Today in Labor History – October 7th

labor history october 7

Joe Hill

Radical labor organizer and song writer Joel Emmanuel Hägglund (aka “Joe Hill”) was born in Gavle, Sweden. Hill was an organizer for the Industrial Workers of the World (IWW). He was arrested and convicted on trumped up murder charges and executed in Utah. His famous last words to IWW co-founder Big Bill Haywood were “Don’t mourn. Organize”. Some of Hill’s most famous songs were The Preacher and the Slaver, Rebel Girl, There is Power in the Union, and Casey Jones-Union Scab. – 1879

The Structural Building Trades Alliance (SBTA) was founded. The organization’s primary goal was to provide a forum in which jurisdictional conflicts between trade unions could be adjudicated. But the organization lacked the power to enforce its rulings. Under pressure from competing AFL building trades councils and repeated threats of disaffiliation by its own members, it affiliated with the AFL in 1908. – 1903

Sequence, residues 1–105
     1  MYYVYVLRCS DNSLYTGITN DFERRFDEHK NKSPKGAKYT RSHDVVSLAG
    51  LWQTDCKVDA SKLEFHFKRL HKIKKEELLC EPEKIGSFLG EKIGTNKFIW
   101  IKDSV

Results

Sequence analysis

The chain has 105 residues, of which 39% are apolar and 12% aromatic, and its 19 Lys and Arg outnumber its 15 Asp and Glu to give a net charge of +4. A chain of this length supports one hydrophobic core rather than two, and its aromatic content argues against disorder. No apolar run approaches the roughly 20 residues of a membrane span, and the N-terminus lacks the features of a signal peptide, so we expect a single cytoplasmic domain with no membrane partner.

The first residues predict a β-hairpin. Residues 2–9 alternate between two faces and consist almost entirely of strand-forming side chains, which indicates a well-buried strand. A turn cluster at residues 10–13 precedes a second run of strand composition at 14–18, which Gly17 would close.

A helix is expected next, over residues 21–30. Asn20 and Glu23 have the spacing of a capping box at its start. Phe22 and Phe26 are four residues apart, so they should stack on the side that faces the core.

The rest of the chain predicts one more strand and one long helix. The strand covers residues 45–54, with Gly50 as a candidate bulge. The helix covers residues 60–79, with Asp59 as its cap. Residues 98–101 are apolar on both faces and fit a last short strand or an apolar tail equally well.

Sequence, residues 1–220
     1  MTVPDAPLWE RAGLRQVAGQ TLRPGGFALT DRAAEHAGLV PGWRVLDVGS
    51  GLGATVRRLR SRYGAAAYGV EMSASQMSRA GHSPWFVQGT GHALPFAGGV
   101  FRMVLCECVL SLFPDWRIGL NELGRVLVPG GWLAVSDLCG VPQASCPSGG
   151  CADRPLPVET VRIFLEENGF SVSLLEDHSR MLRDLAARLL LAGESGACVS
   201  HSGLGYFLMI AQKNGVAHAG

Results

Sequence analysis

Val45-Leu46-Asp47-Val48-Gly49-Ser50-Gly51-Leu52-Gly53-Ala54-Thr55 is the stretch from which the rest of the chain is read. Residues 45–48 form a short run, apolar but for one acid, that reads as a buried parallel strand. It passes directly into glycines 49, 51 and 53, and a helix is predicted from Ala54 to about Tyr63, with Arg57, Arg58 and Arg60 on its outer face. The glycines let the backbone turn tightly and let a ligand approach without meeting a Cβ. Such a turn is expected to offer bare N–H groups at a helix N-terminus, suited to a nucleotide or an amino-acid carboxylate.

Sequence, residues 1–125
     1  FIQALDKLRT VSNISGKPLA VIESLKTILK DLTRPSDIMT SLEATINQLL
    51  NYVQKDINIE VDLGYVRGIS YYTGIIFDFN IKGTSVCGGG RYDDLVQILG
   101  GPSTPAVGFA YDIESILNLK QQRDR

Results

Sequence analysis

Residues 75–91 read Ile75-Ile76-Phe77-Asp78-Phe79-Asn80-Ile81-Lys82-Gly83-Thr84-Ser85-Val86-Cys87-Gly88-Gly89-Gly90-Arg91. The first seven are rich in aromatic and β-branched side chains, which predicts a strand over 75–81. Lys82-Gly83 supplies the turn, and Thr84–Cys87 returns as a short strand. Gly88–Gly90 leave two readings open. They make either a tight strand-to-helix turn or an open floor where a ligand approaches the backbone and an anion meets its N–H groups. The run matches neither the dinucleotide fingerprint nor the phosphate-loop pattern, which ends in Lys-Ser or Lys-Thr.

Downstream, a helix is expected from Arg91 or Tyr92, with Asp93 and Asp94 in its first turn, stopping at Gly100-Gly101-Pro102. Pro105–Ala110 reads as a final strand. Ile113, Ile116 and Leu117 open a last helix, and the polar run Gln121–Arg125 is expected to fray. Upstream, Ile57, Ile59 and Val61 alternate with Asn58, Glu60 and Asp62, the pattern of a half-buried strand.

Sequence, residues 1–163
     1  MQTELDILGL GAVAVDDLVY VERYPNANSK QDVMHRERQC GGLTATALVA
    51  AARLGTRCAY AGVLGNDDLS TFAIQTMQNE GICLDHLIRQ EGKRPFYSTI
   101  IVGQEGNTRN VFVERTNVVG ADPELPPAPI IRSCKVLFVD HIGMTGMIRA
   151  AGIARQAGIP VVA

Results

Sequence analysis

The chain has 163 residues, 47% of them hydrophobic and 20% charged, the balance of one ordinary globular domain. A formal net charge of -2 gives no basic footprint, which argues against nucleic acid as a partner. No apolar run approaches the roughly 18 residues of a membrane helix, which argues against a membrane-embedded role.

The United Mine Workers withdrew from the CIO. – 1942

Hollywood’s “Battle of the Mirrors” took place on this date. Picketing members of the Conference of Studio Unions disrupted an outdoor shoot by holding up large reflectors that filled camera lenses with blinding sunlight. Members of the competing IATSE union retaliated by using the reflectors to shoot sunlight back across the street. The battle went on all day, writes Tom Sito in “Drawing the Line”. – 1946

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